Timo Boll. Pascal Hens. Georg Hackl. It is a rare occurrence, but every so often in Germany, soccer stars do not grace the front pages of the nation's sports sections. And in recent years, whenever the "beautiful game" has been shunted aside, it has been for a rather odd menagerie of second-tier sports. Boll, for example, is a household name for his pingpong excellence. Hens excels in team handball. Hackl? Olympic luge. Martin Kaymer, who has made a splash in the US recently, is the next big thing in golf.
Germany's most recently crowned sports star, however, is different. Dubbed "Dirkules" by the gushing German media, Dirk Nowitzki -- together with his Dallas Mavericks teammates -- managed to become an NBA champion on Sunday evening in Miami after 10 straight fruitless trips to the playoffs. By vanquishing the detested Miami Heat -- and their star, LeBron James, one of America's most hated figures in sports -- Nowitzki became a bona fide American hero.
In doing so, Nowitzki arguably joined the pantheon of the best players ever to play the game -- and certainly became the best European ever. Perhaps more importantly, Nowitzki, as an undisputed team leader in a US-dominated sport, which often values individual attitude and toughness over the collective, fulfilled a uniquely German sporting dream. He made it popular to love a German.
There have, of course, been other cuddly German sports stars. Both tennis greats Steffi Graf and Boris Becker had legions of admirers in their day. Formula One driver Michael Schumacher likewise had plenty of fans. And Detlef Schrempf paved Nowitzki's way to the NBA.
A Bit of Pride and Flag Waving
Nowitzki-mania, though, is different. He is the most recent example of a national awakening which began during the 2006 World Cup. It was an event that proved to the world -- but more importantly, to the Germans themselves -- that a bit of pride and flag-waving was acceptable. It showed that Germany, after decades of striving to remain in the background and to be the perfect European team player in atonement for its past, was ready to tentatively and constructively assert itself.
Even better, whereas the German national football team has gained sympathy points for being young, precocious and an accurate reflection of Germany's multi-cultural diversity, Nowitzki did it by imposing his brand of German middle-class reserve and perfectionist preparation on a game full of egos.
"I just think this is a win for team basketball," Nowitzki said in a post-game interview. "This is a win for playing as a team on both ends of the floor, for sharing the ball, for passing the ball."
Such platitudes, of course, could easily be discounted as being typical sporting fare. Yet coming from Nowitzki, they ring true. While the entire basketball world was focused on LeBron James' massively hyped decision last summer as to where he would "take his talents," choosing the Miami Heat over the Cleveland Cavaliers, where he starred for seven seasons, Nowitzki quietly signed a contract extension with the only NBA team he has ever played for. His father Jörg-Werner, who still lives in Dirk's Bavarian hometown of Würzburg, didn't even make the trip to the finals because a co-worker was on vacation and his painting company couldn't do without him.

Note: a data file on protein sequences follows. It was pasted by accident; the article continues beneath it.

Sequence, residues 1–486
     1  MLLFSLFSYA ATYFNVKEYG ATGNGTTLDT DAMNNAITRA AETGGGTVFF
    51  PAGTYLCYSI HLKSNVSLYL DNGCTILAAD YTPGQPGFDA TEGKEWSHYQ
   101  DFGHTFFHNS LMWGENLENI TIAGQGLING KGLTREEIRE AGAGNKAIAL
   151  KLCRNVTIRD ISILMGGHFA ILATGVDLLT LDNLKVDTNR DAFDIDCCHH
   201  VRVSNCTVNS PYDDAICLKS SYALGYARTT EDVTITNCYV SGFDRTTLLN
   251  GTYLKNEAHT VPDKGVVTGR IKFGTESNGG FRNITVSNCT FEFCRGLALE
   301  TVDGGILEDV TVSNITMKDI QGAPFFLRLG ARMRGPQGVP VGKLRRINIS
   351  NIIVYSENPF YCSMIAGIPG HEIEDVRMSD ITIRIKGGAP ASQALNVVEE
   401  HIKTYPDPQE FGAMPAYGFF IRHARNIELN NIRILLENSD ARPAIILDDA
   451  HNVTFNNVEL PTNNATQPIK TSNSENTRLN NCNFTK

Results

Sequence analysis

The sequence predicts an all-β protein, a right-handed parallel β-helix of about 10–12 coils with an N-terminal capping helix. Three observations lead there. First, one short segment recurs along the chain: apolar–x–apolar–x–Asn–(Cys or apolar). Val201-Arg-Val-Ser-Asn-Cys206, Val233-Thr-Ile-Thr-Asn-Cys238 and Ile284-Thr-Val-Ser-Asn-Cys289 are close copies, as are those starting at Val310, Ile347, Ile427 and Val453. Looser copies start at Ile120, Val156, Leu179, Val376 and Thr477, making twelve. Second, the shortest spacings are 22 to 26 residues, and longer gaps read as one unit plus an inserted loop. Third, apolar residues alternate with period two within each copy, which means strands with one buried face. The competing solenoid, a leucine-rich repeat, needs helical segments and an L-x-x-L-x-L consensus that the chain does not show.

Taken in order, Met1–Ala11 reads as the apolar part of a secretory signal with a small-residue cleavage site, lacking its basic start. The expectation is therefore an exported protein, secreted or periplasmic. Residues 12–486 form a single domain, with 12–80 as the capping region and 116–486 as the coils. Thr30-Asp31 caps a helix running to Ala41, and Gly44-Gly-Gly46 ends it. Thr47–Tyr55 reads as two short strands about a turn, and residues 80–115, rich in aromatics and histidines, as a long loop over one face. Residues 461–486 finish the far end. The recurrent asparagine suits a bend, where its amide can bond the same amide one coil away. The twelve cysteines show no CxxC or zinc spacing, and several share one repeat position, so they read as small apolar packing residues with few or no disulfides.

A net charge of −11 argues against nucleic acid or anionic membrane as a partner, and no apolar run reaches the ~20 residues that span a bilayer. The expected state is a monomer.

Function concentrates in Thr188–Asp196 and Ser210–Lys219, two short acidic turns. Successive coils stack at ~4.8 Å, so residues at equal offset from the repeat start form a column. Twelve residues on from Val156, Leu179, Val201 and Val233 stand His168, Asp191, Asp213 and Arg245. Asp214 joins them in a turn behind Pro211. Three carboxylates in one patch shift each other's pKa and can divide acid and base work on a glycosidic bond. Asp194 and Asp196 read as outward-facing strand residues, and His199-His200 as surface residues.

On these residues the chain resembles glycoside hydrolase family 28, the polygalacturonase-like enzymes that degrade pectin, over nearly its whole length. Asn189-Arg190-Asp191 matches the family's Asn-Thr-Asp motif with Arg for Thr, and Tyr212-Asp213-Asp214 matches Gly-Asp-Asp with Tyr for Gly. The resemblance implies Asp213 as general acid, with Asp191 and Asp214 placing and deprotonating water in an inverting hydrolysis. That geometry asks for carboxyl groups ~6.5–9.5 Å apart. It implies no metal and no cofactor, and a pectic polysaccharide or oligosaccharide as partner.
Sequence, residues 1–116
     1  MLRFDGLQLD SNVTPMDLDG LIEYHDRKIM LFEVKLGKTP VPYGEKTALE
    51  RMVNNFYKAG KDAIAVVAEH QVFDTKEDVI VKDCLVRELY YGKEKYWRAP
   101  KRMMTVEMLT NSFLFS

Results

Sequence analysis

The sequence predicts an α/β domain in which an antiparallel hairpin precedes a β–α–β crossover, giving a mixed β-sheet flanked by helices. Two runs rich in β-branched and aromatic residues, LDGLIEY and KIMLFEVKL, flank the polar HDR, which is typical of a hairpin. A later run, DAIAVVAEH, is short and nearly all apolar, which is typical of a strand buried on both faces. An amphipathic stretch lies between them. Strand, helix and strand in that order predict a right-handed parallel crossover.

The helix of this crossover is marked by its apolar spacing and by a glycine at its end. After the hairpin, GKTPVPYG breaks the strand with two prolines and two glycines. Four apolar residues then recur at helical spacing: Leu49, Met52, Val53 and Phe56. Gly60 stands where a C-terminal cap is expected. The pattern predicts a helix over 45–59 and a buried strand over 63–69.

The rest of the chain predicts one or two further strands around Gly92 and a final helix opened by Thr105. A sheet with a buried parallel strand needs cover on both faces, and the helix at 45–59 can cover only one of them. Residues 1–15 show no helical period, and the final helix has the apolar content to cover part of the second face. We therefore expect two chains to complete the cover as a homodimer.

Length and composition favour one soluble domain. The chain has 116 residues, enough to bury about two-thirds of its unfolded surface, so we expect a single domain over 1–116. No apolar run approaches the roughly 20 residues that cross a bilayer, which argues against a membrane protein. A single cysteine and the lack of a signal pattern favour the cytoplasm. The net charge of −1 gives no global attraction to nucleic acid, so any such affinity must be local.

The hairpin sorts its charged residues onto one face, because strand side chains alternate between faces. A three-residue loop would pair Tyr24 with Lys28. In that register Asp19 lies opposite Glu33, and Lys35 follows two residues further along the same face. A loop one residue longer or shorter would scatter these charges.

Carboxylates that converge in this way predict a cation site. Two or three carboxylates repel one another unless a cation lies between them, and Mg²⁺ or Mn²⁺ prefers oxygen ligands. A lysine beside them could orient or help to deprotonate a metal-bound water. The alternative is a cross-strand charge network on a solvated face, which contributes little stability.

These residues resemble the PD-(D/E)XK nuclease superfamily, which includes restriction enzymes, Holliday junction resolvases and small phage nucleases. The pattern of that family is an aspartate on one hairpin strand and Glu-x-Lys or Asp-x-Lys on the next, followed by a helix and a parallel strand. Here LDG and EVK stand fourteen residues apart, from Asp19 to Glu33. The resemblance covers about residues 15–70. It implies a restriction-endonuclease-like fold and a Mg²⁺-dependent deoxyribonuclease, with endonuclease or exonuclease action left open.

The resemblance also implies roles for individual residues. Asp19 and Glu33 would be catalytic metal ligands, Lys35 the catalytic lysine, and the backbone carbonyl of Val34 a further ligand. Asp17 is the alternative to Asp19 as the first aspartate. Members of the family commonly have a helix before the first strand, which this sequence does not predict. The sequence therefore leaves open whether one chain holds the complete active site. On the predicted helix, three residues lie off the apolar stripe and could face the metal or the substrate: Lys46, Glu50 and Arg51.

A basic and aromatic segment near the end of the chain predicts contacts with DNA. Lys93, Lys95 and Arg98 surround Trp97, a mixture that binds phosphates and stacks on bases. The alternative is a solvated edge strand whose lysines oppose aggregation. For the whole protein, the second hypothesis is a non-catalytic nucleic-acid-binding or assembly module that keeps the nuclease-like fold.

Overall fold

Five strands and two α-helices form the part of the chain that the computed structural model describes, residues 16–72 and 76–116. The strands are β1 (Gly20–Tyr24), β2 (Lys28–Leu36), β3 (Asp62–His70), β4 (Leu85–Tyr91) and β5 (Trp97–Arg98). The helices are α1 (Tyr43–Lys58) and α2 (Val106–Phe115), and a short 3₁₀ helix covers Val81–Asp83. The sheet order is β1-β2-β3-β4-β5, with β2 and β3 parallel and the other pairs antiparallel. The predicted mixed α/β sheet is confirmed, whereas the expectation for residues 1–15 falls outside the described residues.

Nowitzki's own career has been a reflection of that ethic. When he first arrived in Dallas in 1998, he was a gangly player with a deadly accurate shot and admirable ball-handling skills for a seven-footer. But he was not the kind of explosive athlete that generally excels in the NBA, and he was easily pushed around by more muscular American players. Indeed, despite establishing the Mavericks as one of the best teams in the league over the last decade, Nowitzki was labeled "soft" by his detractors. His team's loss to the Miami Heat in the 2006 finals seemed to cement that image among American sports writers.
The Ultimate Success
But Nowitzki continued to work. When his shot wasn't falling, he would call in his personal trainer Holger Geschwinder from Germany for late night shooting sessions. He worked hard on his passing and on his defense. And he stayed modest. He became, in short, exactly the kind of sports star that Americans love -- except that his team never quite managed to achieve the ultimate success.
Germany's 2006 World Cup effort, of course, also fell short -- as did the 2010 campaign last year. One wonders if the team, had it won, would have been quite as universally liked as Nowitzki is now. Germany, after all, has a history of imposing its will on global football. But the domestic and international popularity of the German national team surely testified to a country slowly leaving decades of soul-searching behind.
Dirk Nowitzki now represents the culmination of that development. He had plenty of help, to be sure. LeBron James' pre-season boasting combined with his triumphantly celebrated arrival in Miami last year made him into arguably the most hated figure in American sports. By vanquishing him, Nowitzki instantly became America's favorite player. The toughness, leadership and exquisite play he displayed on the court didn't hurt either.
And Germany finally has what it has wanted for so long: an indisputable global sports star as popular in America and internationally as he is at home. An admired representative of the new, post-World Cup Germany. A legitimate hero. The country can now leave the lugers alone.